Too many stories

One thing I’ve realized this week is that there are too many stories I want to tell all at once, and I am trying to tell them all in one novel. Now, the simple reply to that is, “Concentrate on one character, one story, and write a book series for the others.” Except that all of the stories occur simultaneously and are interconnected. Gee…just like my last novel. Now one idea I had was to write a series that tells the same story, each time from a separate point of view. Or, write one long story in such a way that it has convenient stopping points in mid-stream, so that book one is part one, and then the story continues in the next novel.

Then I smack myself and say, “You haven’t even scratched the surface of the first one, and you’re planning a series? Get back to writing.”

It’s just…I can’t stop myself from writing all of them at once. I can’t.

9 thoughts on “Too many stories

  1. usually one of two ways
    I can handle writing two or three at once and I generally do that. If that’s overwhelming me, I take the one whose talking the loudest and work on that one alone for a while.
    I have, however, learned to take notes on scene ideas for the ones I can’t get to immediately or I will forget and if it is a series I write out vague time line notes

  2. I did the same thing and wasted months because of it. Several paranormal and regency writers write books that happen simultaneously. One of my favorites, Kresley Cole’s, last two books were this way. The reader, especially in paranormal, will accept events that aren’t fully explained. In the first book, the younger has to get a sword for the older to use. When the younger gives the older the sword, the older looks like a mad man. In the second book, you find out why. In the first book, the older is missing. In the second, you find out why. If you read them out of order. In the second book, when the younger gives the older the sword, he is upset. In the first book, you find out why. The two books enrich each other, while still allowing the reader/writer to maintain focus.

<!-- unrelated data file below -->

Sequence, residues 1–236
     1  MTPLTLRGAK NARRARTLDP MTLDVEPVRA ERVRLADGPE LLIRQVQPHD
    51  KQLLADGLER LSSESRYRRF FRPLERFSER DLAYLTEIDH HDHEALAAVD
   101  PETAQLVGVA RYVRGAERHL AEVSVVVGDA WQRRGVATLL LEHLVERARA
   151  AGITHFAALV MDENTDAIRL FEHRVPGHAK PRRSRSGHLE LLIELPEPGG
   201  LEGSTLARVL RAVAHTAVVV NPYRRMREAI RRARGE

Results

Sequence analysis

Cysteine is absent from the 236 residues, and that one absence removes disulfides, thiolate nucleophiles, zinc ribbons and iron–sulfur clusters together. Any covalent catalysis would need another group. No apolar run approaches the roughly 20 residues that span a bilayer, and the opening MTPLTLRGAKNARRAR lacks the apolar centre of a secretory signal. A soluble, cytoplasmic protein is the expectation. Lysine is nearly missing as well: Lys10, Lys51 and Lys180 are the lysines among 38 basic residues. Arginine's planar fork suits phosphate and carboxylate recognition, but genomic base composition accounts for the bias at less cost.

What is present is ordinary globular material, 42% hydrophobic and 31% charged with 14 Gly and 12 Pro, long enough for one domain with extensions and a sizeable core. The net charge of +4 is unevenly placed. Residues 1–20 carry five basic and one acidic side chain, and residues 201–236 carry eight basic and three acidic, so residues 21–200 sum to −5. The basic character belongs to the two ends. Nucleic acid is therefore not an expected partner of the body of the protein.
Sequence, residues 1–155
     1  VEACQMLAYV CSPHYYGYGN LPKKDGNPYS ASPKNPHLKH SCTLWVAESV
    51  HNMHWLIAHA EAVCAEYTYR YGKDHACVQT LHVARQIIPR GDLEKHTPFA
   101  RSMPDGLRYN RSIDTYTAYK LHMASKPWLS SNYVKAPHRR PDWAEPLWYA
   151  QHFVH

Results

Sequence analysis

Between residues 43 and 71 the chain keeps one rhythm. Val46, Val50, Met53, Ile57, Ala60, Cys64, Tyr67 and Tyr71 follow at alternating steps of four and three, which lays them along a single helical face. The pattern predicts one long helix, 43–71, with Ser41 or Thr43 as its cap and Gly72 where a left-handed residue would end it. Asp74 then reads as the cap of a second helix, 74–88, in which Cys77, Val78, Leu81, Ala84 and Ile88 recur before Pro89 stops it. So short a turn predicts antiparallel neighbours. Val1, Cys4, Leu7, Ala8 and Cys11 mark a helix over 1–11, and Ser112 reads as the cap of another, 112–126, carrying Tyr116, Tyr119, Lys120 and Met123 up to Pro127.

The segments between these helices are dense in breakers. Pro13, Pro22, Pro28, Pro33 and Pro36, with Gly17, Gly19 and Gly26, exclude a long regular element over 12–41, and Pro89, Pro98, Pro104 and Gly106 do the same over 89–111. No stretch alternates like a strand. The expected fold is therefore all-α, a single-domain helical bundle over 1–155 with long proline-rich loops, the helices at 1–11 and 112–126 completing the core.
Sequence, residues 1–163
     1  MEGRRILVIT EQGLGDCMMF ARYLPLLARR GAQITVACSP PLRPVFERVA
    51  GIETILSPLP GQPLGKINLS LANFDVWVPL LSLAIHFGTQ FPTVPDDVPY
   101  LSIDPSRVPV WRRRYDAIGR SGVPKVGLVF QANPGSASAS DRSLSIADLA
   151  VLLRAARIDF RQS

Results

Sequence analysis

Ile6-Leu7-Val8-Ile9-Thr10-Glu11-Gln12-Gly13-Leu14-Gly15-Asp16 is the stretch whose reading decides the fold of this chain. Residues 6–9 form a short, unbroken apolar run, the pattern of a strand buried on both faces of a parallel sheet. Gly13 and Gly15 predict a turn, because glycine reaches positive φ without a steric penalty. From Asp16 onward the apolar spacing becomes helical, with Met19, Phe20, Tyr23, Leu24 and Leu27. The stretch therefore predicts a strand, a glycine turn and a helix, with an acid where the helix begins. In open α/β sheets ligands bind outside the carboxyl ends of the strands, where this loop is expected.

Especially when mania hits, focusing is very difficult. Fortunately, I’ve learned a few tricks along the way. The biggest help is to write the book down in one sentence. You will need this when you pitch later and the sooner you develop it, the more focused you will be. Here’s mine:
    Lucifer just wants to go home and his only hope lies in an ancient prophecy and a highly intuitive artist who has no idea what she really is; that is if he can find and protect her before the Grigori murder her…again.
    You need goal, stakes and conflict stated in that sentence. Anything that doesn’t go with that sentence goes in an idea file for future books. One of my secondary characters is Maggie and her story is very compelling, so compelling it’s too big for a sub-plot. Her attempt to destroy the Vatican sets up the final battle with the antagonist. The reader will find out why she wants to in the next book. Ideas towards that go to the next book. I even one sentence for that book.
    Another thing that helps is to focus on the skeleton of the story created by four acts. This goes back to Plato and stories that work follow it. This doesn’t stymie creativity. It frees you. If I work on the hero’s story and how it fits those four acts, I get a focused story. Larry Brooks site I gave you earlier really goes into this. Writing by sketching out the milestones keeps the story tight.
    Another thing to keep in mind is our job is not to tell a story. It is to get the reader to feel things. People will forget what you do or say. They remember how you make them feel. Crafting your story with this in mind, will help you focus. When you look at the story from different characters, you are trying to craft different feelings. This is the emotional equivalent of head hopping, heart hopping.
    Another one is to remind myself I have at max 400 pages/100K. That’s it. If other characters hijack the story, there is no way I will make that. They will get cut during the editing process.
    There is one more trick. Some characters are persistent and won’t leave me alone until they get to talk. I write a short story for them and tell them they’ll get more screen time later. The short story doesn’t necessarily fit the time frame of the story. More often than not, it doesn’t.

  3. That sounds like a reasonable way to go on all counts. Especially the part about jotting down ideas on the ones you’re not working on actively so you have them when it starts speaking loudest again.

  4. You need goal, stakes and conflict stated in that sentence
    Oh, I’m way ahead of you. I did all that months ago. Worked quite hard on it, and then promptly hated it, felt no “drive” beneath it that made me want to write those characters. So I dumped it, started writing the story by the seat of my pants, and am now, slowly, figuring out who these people *really* are, and now I am getting somewhere close to a position to really write those sentences. I just have some more writing to do.

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